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General Motors suffers credential stuffing attack, customer accounts accessed

Major US car manufacturer General Motors (GM) has revealed that it detected suspicious activity affecting a number of customer accounts.

user icon Daniel Croft
Wed, 10 Jul 2024
General Motors suffers credential stuffing attack, customer accounts accessed
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According to media reports, GM discovered the activity on 24 May 2024, and the incident occurred just under a week earlier on 18 May.

The incident is believed to be a credential stuffing attack targeting the GM accessories website. The company said that an unauthorised party attempted to access 65 GM accounts to purchase products such as pens, jewellery, backpacks and other accessories.

Based on investigations to date, GM believes that an unrelated data leak provided the threat actor with a list of login credentials, which were used for the attack.


Alongside with the potential ability to make purchases on the affected accounts, GM said the threat actor could have also accessed data such as first and last names, phone numbers, personal addresses and partial card information such as the last four digits of a credit card. However, GM said that social security numbers, driver’s license data and dates of birth were not accessible.

At this stage, there is no evidence that any of this data has been misused by the threat actors.

It is also not known how much the threat actors purchased, but as seen by CyberNews, products range from $4 to almost $4,000. GM said it had refunded any unauthorised payments made on the affected accounts.

The threat actor is unknown, as well as the source of the credentials used in the credential stuffing attack.

The GM incident comes just a month after car dealerships across the US had their operations brought to a standstill following a cyber attack on CDK Global.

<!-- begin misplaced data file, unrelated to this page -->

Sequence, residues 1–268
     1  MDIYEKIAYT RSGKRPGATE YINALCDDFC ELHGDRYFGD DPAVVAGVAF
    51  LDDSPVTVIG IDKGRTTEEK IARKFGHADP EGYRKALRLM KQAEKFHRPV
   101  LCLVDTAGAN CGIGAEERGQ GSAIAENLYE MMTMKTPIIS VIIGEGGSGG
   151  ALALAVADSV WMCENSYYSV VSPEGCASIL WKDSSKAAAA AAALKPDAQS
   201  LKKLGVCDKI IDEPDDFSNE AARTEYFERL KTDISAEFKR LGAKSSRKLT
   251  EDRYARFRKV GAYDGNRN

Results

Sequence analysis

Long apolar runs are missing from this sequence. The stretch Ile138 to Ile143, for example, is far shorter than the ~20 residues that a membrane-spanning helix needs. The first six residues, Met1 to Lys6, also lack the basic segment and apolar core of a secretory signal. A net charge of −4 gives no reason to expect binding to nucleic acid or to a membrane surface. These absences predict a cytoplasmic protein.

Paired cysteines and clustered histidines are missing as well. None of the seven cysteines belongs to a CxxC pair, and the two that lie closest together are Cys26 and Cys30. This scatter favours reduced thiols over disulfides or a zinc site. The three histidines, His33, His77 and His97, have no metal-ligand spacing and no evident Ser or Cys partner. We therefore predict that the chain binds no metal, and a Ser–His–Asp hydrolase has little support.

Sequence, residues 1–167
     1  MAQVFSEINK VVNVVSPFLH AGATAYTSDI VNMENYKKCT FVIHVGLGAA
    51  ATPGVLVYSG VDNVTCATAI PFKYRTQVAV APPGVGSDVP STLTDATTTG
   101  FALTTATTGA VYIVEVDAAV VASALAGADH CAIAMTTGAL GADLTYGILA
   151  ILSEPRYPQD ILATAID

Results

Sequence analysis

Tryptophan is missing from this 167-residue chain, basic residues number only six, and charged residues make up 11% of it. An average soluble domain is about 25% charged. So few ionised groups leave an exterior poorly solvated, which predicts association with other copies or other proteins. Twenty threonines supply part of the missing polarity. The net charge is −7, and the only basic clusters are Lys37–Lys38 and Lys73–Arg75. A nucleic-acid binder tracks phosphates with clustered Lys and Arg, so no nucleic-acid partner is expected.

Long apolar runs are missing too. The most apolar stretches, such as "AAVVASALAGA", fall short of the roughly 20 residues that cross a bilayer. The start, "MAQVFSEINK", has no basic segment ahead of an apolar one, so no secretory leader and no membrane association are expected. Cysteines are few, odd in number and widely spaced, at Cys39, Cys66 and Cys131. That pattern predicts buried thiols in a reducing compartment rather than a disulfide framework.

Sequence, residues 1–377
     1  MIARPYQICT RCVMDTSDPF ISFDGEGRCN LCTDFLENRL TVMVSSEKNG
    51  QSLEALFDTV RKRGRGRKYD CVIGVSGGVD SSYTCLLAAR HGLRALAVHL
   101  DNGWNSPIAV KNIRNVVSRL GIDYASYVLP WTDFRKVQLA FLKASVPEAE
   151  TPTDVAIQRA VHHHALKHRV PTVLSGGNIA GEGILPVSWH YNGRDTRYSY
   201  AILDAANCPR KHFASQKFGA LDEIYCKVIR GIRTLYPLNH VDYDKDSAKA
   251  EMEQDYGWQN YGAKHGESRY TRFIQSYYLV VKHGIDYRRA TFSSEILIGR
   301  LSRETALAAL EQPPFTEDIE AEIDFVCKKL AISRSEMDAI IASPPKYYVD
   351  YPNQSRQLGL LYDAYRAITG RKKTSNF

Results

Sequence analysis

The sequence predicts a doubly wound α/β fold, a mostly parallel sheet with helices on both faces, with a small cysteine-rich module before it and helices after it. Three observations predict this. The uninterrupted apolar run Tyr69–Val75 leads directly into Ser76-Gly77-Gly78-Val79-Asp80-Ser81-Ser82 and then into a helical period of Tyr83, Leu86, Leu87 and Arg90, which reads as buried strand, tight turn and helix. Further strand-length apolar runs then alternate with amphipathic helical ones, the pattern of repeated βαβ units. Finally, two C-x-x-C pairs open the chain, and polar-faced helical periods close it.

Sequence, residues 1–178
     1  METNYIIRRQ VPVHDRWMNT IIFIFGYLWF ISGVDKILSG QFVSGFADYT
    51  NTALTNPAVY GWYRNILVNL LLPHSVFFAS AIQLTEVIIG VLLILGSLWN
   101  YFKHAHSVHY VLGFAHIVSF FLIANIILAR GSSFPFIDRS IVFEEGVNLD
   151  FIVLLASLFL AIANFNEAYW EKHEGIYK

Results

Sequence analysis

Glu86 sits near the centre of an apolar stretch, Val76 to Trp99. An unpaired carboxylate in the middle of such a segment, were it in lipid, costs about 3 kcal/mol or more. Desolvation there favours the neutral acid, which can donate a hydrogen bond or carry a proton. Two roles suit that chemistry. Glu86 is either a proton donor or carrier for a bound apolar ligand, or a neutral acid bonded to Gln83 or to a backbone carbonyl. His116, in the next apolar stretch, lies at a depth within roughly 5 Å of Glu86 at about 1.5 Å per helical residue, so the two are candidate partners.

The company provides software for car dealership operations, such as CRM, payroll, support and service, inventory, financing, sales and more. General Motors dealerships and Group 1 Automotive are just two of its customers.

CDK Global announced on 19 June that it had detected a cyber attack on its systems.

“We are currently experiencing a cyber incident. Out of caution and concern for our customers, we have shut down a majority of our systems,” CDK spokesperson Lisa Finney said in a statement seen by media.

“We are currently assessing the overall impact and currently have no ETA.”

“We are continuing to conduct extensive tests on all other applications, and we will provide updates as we bring those applications back online.”

As of earlier this month, not all impacted dealers have had operations completely restored. There were also rumours of a ransom note, but the nature of the incident has not been confirmed by CDK Global.

Daniel Croft

Daniel Croft

Born in the heart of Western Sydney, Daniel Croft is a passionate journalist with an understanding for and experience writing in the technology space. Having studied at Macquarie University, he joined Momentum Media in 2022, writing across a number of publications including Australian Aviation, Cyber Security Connect and Defence Connect. Outside of writing, Daniel has a keen interest in music, and spends his time playing in bands around Sydney.

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